If Iman Marshall, Jack Jones, and Ajene Harris can provide tight coverage one-on-one, USC can then stack the box and make it difficult on the trio of running backs that WMU is going to rely on to take the pressure off their young QB.

The tight coverage will also force a quarterback in his first game to make every throw on target, which is a big task for someone in their first game with Rasheem Green and Porter Gustin charging at them.

If Wassink misses passes while USC is press coverage, there will be a lot of tipped passes and chances for turnovers for the Trojan secondary.

Show a little razzle dazzle

Typically, people say that having to run trick plays is a sign your offense is struggling. This is one of those things is said if the trick play fails. If it works, it’s a brilliant call at the perfect time and the coordinator is instantly a genius.

Well, offensive coordinator Tee Martin is a smart man and proved to be a great play caller last year. So it would not be surprising if USC, after just forcing a turnover or three-and-out, takes a shot with gadget play.

Landing a haymaker like that could go far in energizing the home crowd and the USC offense. It also puts something else on film for Stanford to prepare for.

Stanford knows that USC likes to run the double pass with Jalen Greene, but give them something else to think about during the week.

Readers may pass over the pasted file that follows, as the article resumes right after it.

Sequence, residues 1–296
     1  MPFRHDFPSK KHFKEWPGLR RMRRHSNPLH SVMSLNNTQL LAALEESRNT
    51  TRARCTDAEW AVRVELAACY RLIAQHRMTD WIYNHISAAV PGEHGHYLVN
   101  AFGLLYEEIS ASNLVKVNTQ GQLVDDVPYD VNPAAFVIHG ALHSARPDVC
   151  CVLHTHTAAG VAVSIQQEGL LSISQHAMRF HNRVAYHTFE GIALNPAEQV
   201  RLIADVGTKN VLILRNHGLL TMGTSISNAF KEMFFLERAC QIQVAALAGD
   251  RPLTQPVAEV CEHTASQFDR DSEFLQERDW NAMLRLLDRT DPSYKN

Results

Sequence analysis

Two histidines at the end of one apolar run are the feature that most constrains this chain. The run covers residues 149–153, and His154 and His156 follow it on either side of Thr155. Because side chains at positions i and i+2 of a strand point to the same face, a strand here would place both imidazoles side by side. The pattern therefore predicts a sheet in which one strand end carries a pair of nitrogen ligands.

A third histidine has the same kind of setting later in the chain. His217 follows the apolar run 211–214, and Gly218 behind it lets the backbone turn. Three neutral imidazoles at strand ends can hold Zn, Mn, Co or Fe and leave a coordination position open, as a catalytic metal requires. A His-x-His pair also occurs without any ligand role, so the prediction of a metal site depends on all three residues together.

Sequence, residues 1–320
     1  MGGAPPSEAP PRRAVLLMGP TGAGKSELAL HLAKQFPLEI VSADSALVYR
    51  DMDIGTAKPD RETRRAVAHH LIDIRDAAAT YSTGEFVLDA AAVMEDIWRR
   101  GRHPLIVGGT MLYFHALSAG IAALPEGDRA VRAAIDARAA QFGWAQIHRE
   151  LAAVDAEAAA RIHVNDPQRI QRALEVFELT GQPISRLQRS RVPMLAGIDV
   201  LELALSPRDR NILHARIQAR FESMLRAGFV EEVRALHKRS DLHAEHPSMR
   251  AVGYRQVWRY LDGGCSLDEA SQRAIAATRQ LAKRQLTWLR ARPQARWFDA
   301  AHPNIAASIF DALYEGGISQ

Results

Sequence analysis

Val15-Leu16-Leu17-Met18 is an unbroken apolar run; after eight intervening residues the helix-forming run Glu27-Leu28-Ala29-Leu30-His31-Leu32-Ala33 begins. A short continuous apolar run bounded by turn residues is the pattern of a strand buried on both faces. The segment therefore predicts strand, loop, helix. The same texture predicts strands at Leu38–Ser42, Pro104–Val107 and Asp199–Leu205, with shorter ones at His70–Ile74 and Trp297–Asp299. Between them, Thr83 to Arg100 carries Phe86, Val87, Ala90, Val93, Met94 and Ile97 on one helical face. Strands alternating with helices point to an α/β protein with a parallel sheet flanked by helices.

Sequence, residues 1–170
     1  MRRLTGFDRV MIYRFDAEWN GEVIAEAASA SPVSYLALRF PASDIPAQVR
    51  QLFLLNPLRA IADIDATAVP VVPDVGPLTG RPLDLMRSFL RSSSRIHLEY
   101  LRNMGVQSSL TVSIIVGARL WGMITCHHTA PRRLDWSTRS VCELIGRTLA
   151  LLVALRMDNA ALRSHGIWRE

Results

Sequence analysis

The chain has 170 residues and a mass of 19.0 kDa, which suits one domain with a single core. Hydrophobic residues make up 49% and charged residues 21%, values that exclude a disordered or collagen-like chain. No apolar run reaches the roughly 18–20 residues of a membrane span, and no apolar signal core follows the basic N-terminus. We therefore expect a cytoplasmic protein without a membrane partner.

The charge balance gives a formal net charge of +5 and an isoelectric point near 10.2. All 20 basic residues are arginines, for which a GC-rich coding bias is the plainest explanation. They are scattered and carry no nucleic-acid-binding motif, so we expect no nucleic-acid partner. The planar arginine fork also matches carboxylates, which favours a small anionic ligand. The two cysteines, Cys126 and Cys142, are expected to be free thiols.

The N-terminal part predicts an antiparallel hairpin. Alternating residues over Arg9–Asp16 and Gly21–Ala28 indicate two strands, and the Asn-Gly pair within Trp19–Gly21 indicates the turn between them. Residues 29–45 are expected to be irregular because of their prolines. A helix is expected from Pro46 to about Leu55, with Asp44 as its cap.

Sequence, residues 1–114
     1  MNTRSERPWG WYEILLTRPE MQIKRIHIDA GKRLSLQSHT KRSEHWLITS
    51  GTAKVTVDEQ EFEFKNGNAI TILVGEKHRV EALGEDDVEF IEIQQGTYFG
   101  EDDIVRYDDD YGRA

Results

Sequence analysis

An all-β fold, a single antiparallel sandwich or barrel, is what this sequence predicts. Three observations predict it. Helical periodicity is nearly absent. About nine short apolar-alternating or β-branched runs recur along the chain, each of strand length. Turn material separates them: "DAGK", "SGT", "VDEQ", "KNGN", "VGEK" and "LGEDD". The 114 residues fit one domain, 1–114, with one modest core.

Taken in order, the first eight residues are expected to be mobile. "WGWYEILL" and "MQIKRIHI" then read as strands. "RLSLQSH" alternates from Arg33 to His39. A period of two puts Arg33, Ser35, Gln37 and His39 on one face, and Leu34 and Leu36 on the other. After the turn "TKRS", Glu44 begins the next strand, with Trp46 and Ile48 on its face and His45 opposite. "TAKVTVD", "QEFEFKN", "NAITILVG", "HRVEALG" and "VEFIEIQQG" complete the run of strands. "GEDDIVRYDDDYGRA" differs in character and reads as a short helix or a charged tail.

Maybe a wildcat look with Greene, Jones II and Stephen Carr all in the back field at once. Or line Greene up in the backfield as the highly publicized “Adoree’ Jackson Role” and have him throw from there. Anything as long as it works and makes USC fans, WMU fans, and Stanford coaches say, “What was that?”

Get the freshmen involved

USC does not have a bye week this season, so depth and rotational packages are going to be important. If the Trojans are going to mount a successful playoff charge they will have to rely on freshmen to make plays.

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It may seem like something obvious, but with the way USC’s schedule is set up, getting the freshmen playing time is critically important. The Trojans have big games against Stanford and Texas in the coming weeks. Making sure the freshmen have experience in these raucous situations will be key against these opponents.

Little things like getting set up when USC pushes the pace, making sure the right person is on or off the line of scrimmage are important. You want the freshmen to have experience doing that in real time. So it can be made sure they’re doing it correctly each time. Getting those reps will make sure that the mistakes are limited when Stanford and Texas visit the Coliseum

Defensive tackle Marlon Tuipulotu, DT Brandon Pili and linebacker Levi Jones on defense, as well as Carr, receivers Josh Imatorbhebhe, Randal Grimes and Joseph Lewis IV, tight end Josh Falo and pretty much anyone on the offensive line or the receiving corps who might see playing time in 2017 should get a chance to prove their worth. That way the coaching staff can be in a position where they feel comfortable getting these guys on the field.